The heavy focus on grappling also grants skilled practitioners a high degree of control over the force exerted against an opponent. It is effective even against larger opponents as, like judo, a BJJ fighter can leverage a larger or heavier opponent’s weight to their advantage. 

BJJ also offers a unique advantage for self-defense applications: it allows a dominant fighter to promote de-escalation through restraining.

Cons of Brazilian Jiu-Jitsu for Self-Defense

Although BJJ is a full-contact martial art that can be highly effective against single opponents, its focus on grappling and ground techniques means it is not a complete martial art.

There are no traditional strikes (only open-handed hits are allowed while on the ground), and the art neither uses nor accounts for weapons. Lastly, and most importantly, a grappler can only effectively use their techniques against one assailant. This means that BJJ alone may not be enough to survive a fight against groups.

 Boxing for Self Defense

Muay Thai / Kickboxing

While the English term for kickboxing encompasses various sports and disciplines, such as Sanda, Savate, or Lethwei, the most popular form is Muay Thai.

This combat discipline originates from Thailand, and its name translates to “Thai boxing.” It was developed from the unarmed components of Krabi Krabong, the ancient military martial arts of the Siamese Army.

Muay Thai is also known as “the Art of the Eight Limbs.” The “eight limbs” of Muay Thai are the fists, the shins, the elbows, and the knees. A skilled practitioner is expected to use all eight body parts expertly as striking weapons.

While Muay Thai includes various striking techniques, it also develops footwork, distance control, and clinching techniques to restrict the opponent’s range. These particularities make it similar to Western boxing while offering a greater and more versatile range of moves. 

Pros of Muay Thai for Self-Defense

Muay Thai practice emphasizes the importance of muscle memory. With regular practice, it can be used with great effectiveness against opponents in a street fight.

While some flashier techniques exist, such as flying knees, most Muay Thai fighting techniques are designed to be relatively simple and easy to practice. The focus on clinching and fully using the “eight limbs” allows a Muay Thai fighter to react to threats at nearly any range.

The art also teaches vital mobility and footwork techniques, allowing you to remain on the move and keep in control even against multiple opponents.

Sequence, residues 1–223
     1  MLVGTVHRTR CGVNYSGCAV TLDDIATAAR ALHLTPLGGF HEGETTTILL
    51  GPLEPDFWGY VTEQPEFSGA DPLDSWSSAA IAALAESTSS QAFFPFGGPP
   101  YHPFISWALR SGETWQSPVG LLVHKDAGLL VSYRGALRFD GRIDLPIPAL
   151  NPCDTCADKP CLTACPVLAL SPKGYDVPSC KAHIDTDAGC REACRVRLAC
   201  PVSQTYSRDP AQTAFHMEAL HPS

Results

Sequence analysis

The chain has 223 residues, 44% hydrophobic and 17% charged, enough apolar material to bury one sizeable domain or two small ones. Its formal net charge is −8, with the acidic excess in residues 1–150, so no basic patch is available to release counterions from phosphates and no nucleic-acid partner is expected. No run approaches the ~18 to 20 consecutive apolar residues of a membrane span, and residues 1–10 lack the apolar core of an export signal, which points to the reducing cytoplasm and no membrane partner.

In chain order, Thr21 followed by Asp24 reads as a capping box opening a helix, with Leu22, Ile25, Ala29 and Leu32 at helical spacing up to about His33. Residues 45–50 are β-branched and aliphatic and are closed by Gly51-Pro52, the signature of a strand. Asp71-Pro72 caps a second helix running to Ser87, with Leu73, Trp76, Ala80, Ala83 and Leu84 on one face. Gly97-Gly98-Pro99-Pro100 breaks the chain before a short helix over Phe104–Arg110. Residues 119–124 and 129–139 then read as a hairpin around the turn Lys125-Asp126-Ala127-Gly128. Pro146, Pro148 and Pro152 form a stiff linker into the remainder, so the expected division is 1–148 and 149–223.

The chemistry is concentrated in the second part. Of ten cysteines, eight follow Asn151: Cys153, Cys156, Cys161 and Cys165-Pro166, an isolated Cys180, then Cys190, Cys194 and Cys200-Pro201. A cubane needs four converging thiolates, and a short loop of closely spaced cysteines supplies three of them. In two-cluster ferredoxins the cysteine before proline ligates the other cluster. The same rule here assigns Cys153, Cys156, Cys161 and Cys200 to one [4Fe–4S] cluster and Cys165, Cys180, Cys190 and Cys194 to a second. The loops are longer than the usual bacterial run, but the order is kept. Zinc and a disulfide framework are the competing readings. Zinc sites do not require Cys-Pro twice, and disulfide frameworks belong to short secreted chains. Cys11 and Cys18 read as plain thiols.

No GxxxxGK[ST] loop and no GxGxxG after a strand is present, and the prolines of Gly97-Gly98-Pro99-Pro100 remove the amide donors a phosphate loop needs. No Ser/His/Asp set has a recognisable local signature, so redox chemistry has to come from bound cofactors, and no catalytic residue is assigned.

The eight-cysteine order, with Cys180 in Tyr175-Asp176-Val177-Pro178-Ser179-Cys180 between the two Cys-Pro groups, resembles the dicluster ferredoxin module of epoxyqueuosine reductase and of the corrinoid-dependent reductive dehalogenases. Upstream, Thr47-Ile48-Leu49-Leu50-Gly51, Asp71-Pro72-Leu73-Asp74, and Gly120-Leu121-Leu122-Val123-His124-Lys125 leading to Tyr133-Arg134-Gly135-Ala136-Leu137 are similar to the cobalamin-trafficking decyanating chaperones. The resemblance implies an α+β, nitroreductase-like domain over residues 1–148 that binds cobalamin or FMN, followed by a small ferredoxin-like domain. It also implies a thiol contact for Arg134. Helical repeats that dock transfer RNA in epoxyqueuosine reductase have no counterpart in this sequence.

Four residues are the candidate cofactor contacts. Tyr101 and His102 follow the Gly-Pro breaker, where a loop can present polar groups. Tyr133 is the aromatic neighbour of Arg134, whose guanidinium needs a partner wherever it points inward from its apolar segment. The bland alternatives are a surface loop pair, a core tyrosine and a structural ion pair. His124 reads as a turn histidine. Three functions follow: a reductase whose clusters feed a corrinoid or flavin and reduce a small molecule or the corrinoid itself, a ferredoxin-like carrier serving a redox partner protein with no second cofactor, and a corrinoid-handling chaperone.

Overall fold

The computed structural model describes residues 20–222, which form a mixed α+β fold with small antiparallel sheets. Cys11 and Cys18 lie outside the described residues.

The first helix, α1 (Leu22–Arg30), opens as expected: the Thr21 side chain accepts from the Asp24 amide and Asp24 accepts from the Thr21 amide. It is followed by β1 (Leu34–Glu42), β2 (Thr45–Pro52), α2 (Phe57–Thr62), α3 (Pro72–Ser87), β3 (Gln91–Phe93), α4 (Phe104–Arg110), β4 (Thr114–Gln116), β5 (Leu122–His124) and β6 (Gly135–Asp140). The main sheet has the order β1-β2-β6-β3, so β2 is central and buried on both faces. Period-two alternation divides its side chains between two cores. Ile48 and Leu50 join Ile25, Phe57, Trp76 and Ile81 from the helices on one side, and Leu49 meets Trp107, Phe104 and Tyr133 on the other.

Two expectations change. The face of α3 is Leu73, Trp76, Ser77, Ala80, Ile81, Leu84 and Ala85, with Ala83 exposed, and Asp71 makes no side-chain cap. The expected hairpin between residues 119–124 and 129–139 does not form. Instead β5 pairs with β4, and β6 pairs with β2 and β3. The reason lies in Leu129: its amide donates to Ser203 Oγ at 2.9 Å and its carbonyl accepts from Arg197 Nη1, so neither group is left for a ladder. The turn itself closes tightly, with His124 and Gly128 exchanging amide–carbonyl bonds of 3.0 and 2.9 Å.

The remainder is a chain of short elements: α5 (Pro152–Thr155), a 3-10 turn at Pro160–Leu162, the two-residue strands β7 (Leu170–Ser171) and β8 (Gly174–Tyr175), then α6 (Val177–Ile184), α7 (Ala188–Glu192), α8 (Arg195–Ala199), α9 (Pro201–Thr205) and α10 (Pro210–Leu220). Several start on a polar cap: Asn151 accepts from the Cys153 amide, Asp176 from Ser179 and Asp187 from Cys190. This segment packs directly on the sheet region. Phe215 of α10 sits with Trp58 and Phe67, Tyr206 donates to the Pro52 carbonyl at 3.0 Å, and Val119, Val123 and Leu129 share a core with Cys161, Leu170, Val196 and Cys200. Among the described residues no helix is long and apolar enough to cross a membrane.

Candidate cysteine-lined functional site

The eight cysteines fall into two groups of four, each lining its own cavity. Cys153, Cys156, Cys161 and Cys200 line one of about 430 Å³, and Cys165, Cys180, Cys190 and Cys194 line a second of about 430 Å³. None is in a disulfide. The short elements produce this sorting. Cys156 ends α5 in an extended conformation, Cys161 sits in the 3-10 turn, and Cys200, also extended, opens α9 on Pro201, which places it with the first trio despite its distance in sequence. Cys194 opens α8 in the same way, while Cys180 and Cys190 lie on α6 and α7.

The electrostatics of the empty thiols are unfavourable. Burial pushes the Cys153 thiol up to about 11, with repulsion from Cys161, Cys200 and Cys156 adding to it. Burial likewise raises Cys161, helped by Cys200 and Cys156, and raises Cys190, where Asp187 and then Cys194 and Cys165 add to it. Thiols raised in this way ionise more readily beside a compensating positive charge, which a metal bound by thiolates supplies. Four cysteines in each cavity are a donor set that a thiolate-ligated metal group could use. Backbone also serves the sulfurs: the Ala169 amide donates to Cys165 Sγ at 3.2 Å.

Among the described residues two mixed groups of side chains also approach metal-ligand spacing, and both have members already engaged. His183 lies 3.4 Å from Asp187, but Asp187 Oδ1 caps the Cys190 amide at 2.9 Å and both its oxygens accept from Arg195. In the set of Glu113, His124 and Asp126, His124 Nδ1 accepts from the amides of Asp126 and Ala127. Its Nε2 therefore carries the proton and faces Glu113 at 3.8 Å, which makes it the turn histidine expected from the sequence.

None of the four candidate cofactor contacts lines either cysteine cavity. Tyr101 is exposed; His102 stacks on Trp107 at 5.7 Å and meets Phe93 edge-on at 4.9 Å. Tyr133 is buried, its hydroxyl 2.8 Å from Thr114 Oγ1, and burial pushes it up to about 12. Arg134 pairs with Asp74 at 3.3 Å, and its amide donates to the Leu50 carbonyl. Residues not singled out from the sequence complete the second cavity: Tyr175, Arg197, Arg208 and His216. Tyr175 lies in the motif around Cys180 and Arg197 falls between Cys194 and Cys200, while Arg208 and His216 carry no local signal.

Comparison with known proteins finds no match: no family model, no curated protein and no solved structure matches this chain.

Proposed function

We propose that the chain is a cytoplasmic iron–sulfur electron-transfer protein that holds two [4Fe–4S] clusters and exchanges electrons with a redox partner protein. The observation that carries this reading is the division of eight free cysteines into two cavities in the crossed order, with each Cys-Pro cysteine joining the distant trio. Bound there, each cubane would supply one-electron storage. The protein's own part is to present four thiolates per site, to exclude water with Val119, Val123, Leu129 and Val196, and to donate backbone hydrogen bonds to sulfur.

Cons of Muay Thai for Self-Defense

The primary disadvantage of Muay Thai is essentially the inverse as those of Brazilian Jiu Jitsu. Where BJJ specializes in ground combat, Muay Thai specializes in clinching and standing combat, teaching little to no ground fighting techniques.

While Muay Thai is often compared to Western boxing, it lacks the bobbing and weaving maneuvers traditionally associated with the latter. Without additional training in other forms of combat, a Muay Thai practitioner may have fewer options to dodge strikes against a well-trained opponent.

Unless you also decide to study Krabi Krabong, Muay Thai doesn’t teach armed combat or self-defense against an armed opponent on its own.

Mixed Martial Arts (MMA)

Although Mixed Martial Arts (MMA) is well-known in its formalized full-contact sport format, it didn’t originally refer to any single discipline. As a combat and self-defense concept, MMA is simply another term for hybrid martial arts, borrowing the best elements and techniques from as many disciplines as possible.

In that regard, MMA is like the Pankration of Ancient Greece or Bruce Lee’s Jeet Kune Do (JKD). All are martial art forms that mix techniques and elements from multiple others, encouraging the use of what is the most effective instead of adhering to a fixed style.

The modern MMA sport incorporates moves from a variety of martial arts, including Western boxing, Krav Maga, Muay Thai, BJJ, traditional wrestling, and various schools of karate, judo, and taekwondo. While many moves are banned in sanctioned MMA events, they can be incorporated for self-defense and real-world applications. Common examples include eye pokes, eye gouges, headbutts, and strikes to the groin and throat.

The effectiveness, pros, and cons of MMA for self-defense may vary considerably. It depends on the practitioner’s capabilities, the quality of the training they received, and the mastery they have over the various moves at their disposal.

While MMA has the potential of being the most effective self-defense martial art, in practice, it depends on each fighter’s physical and technical level.

Be Prepared For Any Situation with Uppercut Tactical

At Uppercut Tactical, we make it our objective to prepare everyday American citizens to face any situation confidently. We encourage the cultivation of preparedness through any means necessary, from unarmed combat and martial arts to the proper use of knives and other self-defense weapons. 

We carry an extensive collection of self-defense and combat knives, first-aid kits, and survival equipment. Browse our defense and preparedness articles to learn more on how to protect yourself and your loved ones.